I guess this essentially boils down to 'quality questions vs helping noobs' or 'does SO suffer from elitism'. (And turned out not to really be a question)

The SO 'mission statement' (if you would call it that) said "Better programming is our goal". But where does better programming come from, good documentation of problems and solutions, or teaching people to program? The answer is obviously both, but does SO do both? I personally don't think so.

I worry that focusing (entirely) on good questions will be bad for the site long term. As new people start programming they will end up searching (Google usually leads to SO) and asking often bad, duplicated, simple questions due to lack of simple knowledge, and this gets annoying. However this doesn't stop once people grasp the basics of program, the learning curve continues through OO programming, good design and structure, testing, frameworks and other new techniques that will be developed in the future. It takes a long time to become a competent programmer, and even longer to become 'good'.

I have two examples from the first two questions I asked which I still have. They were closed for being too broad or unclear after getting answers which I accepted. Questions are here and here.

I can understand that they are not great questions (I also state this in the questions themselves), and I don't mind that they were down voted, if you don't like a question that is your prerogative (although comments explaining why they are bad help). However, while some people felt they were bad questions, in each case they were answered and those answers benefited my knowledge hugely. Namely they got me to look into reflection and design patterns.

I have always had trouble picking up new programming concepts until I could see a clear example where it helped me with a problem that I was currently working on. It took me quite a long time to see the benefit of OO programming, now I don't think I could write anything without OO. Basically the whole you can have a class called animal, then inherit from it to make different types of animal... etc, didn't really help me get OO. I got OO once I got to a problem and someone actually showed me how re-structuring my code into classes would make everything much easier.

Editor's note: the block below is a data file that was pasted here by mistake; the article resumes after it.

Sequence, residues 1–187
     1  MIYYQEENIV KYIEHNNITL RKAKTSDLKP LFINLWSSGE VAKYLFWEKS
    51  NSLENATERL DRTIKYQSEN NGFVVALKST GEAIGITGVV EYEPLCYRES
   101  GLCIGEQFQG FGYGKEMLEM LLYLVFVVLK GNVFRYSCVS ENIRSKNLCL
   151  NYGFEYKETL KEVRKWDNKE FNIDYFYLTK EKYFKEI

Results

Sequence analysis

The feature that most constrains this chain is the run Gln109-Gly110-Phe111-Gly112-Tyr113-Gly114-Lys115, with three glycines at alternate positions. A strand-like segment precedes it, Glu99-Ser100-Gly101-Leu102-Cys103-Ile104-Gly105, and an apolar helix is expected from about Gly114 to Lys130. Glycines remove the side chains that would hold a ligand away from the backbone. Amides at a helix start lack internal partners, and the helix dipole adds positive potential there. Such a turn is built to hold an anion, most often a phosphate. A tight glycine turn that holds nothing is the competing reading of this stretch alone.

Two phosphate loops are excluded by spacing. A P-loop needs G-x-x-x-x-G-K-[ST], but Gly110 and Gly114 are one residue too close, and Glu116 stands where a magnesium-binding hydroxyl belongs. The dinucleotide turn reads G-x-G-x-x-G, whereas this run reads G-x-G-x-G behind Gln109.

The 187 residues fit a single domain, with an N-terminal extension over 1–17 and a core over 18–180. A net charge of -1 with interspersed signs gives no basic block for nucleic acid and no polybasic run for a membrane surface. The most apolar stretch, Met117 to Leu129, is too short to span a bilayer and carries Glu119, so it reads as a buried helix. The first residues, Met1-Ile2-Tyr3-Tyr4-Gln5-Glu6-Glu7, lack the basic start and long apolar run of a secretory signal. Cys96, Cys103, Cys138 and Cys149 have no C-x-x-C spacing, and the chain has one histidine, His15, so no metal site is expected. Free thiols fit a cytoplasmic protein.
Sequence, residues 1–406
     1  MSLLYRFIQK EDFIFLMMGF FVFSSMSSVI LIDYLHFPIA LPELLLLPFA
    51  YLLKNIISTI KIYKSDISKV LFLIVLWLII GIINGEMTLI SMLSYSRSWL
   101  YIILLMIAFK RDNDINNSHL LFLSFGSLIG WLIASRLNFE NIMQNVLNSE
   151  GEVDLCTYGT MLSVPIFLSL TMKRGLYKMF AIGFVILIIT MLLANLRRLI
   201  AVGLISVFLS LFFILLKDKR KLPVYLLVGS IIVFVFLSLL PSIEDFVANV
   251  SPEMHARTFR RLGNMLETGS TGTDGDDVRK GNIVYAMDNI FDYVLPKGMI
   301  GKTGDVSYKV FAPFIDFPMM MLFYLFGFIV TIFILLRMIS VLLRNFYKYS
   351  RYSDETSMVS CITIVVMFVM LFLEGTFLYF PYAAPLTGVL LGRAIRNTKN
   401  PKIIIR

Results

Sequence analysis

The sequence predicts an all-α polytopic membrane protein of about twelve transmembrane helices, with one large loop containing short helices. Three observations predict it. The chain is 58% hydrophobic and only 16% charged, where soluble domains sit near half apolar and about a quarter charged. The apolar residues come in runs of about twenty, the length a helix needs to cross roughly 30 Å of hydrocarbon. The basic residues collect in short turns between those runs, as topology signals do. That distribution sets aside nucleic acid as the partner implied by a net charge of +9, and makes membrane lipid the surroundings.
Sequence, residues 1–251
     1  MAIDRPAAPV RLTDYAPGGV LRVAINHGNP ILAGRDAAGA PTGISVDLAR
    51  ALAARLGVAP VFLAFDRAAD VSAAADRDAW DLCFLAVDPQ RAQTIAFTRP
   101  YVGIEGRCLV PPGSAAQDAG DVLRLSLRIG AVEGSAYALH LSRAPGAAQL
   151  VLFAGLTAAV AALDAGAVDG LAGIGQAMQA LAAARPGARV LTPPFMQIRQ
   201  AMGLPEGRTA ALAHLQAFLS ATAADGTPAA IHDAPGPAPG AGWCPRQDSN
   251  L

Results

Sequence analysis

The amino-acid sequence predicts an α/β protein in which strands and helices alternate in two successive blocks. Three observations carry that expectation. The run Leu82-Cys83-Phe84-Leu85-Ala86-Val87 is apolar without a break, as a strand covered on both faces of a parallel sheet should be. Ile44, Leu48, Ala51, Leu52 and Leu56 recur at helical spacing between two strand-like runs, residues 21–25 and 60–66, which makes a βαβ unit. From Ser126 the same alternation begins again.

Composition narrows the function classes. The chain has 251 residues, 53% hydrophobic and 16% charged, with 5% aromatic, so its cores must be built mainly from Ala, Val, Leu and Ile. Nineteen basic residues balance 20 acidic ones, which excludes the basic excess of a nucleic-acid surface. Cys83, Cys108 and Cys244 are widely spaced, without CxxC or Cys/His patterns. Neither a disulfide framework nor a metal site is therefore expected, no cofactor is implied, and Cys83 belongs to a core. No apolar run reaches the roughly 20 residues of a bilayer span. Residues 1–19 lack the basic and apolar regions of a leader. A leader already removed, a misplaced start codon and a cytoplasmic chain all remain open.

Now imagine if they were closed before someone could answer, for the first question I would have given up on that particular feature, for the second one I would have written some horrible hard to read code that did the job, but badly. Yes they were too vague for some people to understand, or people simply didn't want to spend long deciphering my bad question, but someone did and I'm really glad they did.

So can we achieve "Better programming" without explaining to people who ask those bad questions, due to their lack of knowledge, that their problem isn't purely "you need this code" but "you need this code plus this knowledge to write your program properly".

If we don't accommodate learning those new users won't stop asking bad questions, they will just ask them somewhere else, and SO will slowly die. But those of us who are willing to answer the bad question just might help someone become a better programmer, and they might stick around and start asking (and answering) better questions.